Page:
# Good quantum number

In quantum mechanics, given a particular Hamiltonian ${\displaystyle H}$ and an operator ${\displaystyle O}$ with corresponding eigenvalues and eigenvectors given by ${\displaystyle O|q_{j}\rangle =q_{j}|q_{j}\rangle }$, then the numbers (or the eigenvalues) ${\displaystyle q_{j}}$ are said to be good quantum numbers if every eigenvector ${\displaystyle |q_{j}\rangle }$ remains an eigenvector of ${\displaystyle O}$ with the same eigenvalue as time evolves.

Hence, if: ${\displaystyle O|q_{j}\rangle =O\sum _{k}c_{k}(0)|e_{k}\rangle =q_{j}|q_{j}\rangle }$

then we require

${\displaystyle O\sum _{k}c_{k}(0)\exp(-ie_{k}t/\hbar )\,|e_{k}\rangle =q_{j}\sum _{k}c_{k}(0)\exp(-ie_{k}t/\hbar )\,|e_{k}\rangle }$

for all eigenvectors ${\displaystyle |q_{j}\rangle }$ in order to call ${\displaystyle q}$ a good quantum number (where ${\displaystyle e_{k}}$s represent the eigenvectors of the Hamiltonian).

In other words, the eigenvalues ${\displaystyle q_{j}}$ are good quantum numbers if the corresponding operator ${\displaystyle O}$ is a constant of motion (commutes with the time evolution). Good quantum numbers are often used to label initial and final states in experiments. For example, in particle colliders:

1. Particles are initially prepared in approximate momentum eigenstates; the particle momentum being a good quantum number for non-interacting particles.

2. The particles are made to collide. At this point, the momentum of each particle is undergoing change and thus the particles’ momenta are not a good quantum number for the interacting particles during the collision.

3. A significant time after the collision, particles are measured in momentum eigenstates. Momentum of each particle has stabilized and is again a good quantum number a long time after the collision.

Theorem: A necessary and sufficient condition for q (which is an eigenvalue of an operator O) to be good is that ${\displaystyle O}$ commutes with the Hamiltonian ${\displaystyle H}$.

Proof: Assume ${\displaystyle [O,\,H]=0}$.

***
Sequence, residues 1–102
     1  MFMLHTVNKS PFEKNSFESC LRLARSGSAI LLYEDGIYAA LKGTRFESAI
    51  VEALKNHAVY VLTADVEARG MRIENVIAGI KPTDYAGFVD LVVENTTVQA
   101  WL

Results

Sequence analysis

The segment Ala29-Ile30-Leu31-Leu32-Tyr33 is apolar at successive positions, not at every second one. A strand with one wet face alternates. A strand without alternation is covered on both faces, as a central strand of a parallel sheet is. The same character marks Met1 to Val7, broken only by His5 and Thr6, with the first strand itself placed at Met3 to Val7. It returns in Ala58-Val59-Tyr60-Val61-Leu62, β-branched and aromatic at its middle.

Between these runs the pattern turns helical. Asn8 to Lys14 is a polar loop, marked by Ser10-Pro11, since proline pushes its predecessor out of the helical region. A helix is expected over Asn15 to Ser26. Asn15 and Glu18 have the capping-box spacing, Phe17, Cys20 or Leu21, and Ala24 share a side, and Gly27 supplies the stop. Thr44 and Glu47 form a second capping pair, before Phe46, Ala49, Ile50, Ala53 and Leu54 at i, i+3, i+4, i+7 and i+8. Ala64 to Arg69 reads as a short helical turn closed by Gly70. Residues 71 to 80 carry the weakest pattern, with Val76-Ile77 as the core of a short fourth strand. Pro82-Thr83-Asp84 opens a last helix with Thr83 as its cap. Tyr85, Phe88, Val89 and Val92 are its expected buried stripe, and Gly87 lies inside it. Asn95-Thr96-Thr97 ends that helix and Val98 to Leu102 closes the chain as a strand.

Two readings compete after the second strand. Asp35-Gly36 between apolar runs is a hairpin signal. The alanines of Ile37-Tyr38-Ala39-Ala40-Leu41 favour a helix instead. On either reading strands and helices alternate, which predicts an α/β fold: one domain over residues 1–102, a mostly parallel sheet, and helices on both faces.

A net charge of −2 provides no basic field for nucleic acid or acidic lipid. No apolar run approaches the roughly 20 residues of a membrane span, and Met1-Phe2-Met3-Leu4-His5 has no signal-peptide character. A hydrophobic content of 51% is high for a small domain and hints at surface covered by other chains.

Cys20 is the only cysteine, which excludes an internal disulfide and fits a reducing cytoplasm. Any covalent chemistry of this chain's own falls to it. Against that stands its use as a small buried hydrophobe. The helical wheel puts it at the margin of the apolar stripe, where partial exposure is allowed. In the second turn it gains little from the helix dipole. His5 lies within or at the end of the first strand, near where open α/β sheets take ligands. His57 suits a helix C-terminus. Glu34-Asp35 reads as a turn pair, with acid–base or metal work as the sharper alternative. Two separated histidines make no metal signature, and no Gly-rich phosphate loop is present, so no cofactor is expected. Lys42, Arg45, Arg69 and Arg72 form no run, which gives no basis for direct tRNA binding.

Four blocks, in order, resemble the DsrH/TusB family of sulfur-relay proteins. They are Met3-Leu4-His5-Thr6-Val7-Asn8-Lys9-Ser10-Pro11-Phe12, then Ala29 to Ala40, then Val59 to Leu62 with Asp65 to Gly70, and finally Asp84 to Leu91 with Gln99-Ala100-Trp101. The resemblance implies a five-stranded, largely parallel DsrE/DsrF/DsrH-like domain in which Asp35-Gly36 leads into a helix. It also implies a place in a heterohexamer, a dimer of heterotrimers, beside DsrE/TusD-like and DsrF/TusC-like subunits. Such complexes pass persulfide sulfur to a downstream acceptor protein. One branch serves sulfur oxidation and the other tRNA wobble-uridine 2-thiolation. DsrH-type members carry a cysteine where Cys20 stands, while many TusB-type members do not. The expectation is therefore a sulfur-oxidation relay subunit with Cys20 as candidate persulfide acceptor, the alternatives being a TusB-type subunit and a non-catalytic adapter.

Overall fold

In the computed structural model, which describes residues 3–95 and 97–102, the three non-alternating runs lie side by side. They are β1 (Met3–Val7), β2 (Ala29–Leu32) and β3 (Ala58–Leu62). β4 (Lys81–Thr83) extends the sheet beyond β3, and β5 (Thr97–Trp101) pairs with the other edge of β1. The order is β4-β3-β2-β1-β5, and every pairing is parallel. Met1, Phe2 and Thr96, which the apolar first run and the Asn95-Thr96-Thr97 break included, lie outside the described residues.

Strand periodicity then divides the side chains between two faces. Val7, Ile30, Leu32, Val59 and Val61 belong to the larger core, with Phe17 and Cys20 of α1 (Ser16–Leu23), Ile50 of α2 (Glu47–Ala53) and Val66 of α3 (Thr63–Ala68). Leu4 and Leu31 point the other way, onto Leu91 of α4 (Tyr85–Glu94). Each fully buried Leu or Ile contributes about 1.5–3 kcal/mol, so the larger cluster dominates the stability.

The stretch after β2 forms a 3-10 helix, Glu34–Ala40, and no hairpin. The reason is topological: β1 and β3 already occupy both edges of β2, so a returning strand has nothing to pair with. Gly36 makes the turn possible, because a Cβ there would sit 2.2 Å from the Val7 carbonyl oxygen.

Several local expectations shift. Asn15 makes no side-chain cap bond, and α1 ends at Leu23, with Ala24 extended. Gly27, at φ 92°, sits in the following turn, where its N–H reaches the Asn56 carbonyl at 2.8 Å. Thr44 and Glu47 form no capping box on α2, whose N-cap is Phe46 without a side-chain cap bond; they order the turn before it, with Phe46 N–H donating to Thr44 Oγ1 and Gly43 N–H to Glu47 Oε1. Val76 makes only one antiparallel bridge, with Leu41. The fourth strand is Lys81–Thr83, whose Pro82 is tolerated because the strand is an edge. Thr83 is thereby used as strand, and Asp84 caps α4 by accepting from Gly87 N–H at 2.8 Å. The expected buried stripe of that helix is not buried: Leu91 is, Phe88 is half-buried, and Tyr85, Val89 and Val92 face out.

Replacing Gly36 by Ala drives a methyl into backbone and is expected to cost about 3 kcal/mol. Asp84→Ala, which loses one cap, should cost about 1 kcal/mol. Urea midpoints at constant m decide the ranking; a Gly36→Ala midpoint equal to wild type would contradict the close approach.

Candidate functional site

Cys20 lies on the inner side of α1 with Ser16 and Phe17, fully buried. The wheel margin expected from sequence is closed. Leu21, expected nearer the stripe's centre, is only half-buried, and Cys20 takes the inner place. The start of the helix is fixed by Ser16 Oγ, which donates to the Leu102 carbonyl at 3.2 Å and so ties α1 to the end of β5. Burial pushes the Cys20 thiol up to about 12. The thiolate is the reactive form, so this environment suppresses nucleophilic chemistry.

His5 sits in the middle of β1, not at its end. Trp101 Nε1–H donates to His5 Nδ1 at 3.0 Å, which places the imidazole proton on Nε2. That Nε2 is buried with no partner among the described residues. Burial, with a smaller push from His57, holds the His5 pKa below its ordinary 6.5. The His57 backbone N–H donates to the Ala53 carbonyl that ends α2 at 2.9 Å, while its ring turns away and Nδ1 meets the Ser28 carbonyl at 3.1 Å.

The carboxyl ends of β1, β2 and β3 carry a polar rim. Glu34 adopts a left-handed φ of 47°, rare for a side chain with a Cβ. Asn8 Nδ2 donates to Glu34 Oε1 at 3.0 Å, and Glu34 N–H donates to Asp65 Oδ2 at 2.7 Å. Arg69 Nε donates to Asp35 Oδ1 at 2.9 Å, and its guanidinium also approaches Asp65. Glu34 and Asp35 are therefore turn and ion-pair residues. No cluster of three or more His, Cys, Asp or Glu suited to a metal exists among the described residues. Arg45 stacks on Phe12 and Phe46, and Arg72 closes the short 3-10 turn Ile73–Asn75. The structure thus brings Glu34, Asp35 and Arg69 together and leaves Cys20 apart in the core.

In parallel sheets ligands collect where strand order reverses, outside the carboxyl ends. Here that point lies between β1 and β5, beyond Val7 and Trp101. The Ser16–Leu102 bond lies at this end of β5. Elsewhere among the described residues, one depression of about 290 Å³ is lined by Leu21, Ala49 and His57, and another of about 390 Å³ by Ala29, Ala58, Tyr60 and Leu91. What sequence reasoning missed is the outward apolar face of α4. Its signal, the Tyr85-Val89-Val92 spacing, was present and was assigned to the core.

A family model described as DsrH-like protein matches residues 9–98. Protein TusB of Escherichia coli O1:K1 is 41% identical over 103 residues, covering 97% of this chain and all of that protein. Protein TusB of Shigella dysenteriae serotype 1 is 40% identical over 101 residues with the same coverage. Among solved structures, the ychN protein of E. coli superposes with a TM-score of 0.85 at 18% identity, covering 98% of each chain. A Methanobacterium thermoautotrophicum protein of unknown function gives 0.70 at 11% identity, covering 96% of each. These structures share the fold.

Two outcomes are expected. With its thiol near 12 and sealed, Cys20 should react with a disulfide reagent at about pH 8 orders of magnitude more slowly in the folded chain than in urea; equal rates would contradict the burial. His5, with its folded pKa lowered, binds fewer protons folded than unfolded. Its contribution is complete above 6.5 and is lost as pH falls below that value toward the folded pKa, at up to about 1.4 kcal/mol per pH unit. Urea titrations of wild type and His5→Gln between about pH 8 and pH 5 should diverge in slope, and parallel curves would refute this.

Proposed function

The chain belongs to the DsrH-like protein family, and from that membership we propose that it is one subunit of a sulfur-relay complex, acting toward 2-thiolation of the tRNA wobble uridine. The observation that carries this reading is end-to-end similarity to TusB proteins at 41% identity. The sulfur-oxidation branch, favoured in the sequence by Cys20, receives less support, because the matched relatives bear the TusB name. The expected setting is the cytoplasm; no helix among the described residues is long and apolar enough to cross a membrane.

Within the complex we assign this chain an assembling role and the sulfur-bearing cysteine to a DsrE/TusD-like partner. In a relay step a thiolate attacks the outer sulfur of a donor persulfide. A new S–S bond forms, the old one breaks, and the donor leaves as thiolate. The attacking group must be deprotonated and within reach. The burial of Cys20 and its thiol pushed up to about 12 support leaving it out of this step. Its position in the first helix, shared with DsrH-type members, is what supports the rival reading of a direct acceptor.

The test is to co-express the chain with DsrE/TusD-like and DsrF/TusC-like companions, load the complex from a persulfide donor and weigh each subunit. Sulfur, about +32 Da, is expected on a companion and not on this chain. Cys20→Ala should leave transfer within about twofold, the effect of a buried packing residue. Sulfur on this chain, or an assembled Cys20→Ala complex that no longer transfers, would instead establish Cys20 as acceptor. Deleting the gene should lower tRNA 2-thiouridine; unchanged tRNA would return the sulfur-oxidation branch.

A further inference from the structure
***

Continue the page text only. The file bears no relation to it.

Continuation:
If ${\displaystyle |\psi _{0}\rangle }$ is an eigenvector of ${\displaystyle O}$, then we have (by definition) that ${\displaystyle O|\psi _{0}\rangle =q_{j}|\psi _{0}\rangle }$, and so :
${\displaystyle O|\psi _{t}\rangle =O\,T(t)\,|\psi _{0}\rangle }$
${\displaystyle =Oe^{-itH/\hbar }|\psi _{0}\rangle }$
${\displaystyle =O\sum _{n=0}^{\infty }{\frac {1}{n!}}(-iHt/\hbar )^{n}|\psi _{0}\rangle }$
${\displaystyle =\sum _{n=0}^{\infty }{\frac {1}{n!}}(-iHt/\hbar )^{n}O|\psi _{0}\rangle }$
${\displaystyle =q_{j}|\psi _{t}\rangle .\quad \square }$

## Ehrenfest Theorem and Good Quantum Numbers

The Ehrenfest Theorem[1] gives the rate of change of the expectation value of operators. It reads as follows:

${\displaystyle {\frac {d}{dt}}\langle A(t)\rangle =\left\langle {\frac {\partial A(t)}{\partial t}}\right\rangle +{\frac {1}{i\hbar }}\langle [A(t),H]\rangle }$

Commonly occurring operators don't depend explicitly on time. If such operators commute with the Hamiltonian, then their expectation value remains constant with time. Now, if the system is in one of the common eigenstates of the operator${\displaystyle A}$ (and ${\displaystyle H}$ too), then the system remains in this eigenstate as time progresses. Any measurement of the quantity ${\displaystyle A}$ will give us the eigenvalue (or the good quantum number) associated with the eigenstates in which the particle is. This is actually a statement of conservation in quantum mechanics, and will be elaborated in more detail below.

## Conservation in Quantum Mechanics

Case I: Stronger statement of conservation: When the system is in one of the common eigenstates of ${\displaystyle H}$ and ${\displaystyle A}$

Let ${\displaystyle A}$ be an operator which commutes with the Hamiltonian ${\displaystyle H}$. This implies that we can have common eigenstates of ${\displaystyle A}$ and ${\displaystyle H}$.[2] Assume that our system is in one of these common eigenstates. If we measure of ${\displaystyle A}$, it will definitely yield an eigenvalue of ${\displaystyle A}$ (the good quantum number). Also, it is a well-known result that an eigenstate of the Hamiltonian is a stationary state,[3] which means that even if the system is left to evolve for some time before the measurement is made, it will still yield the same eigenvalue.[4] Therefore, If our system is in a common eigenstate, its eigenvalues of A (good quantum numbers) won't change with time.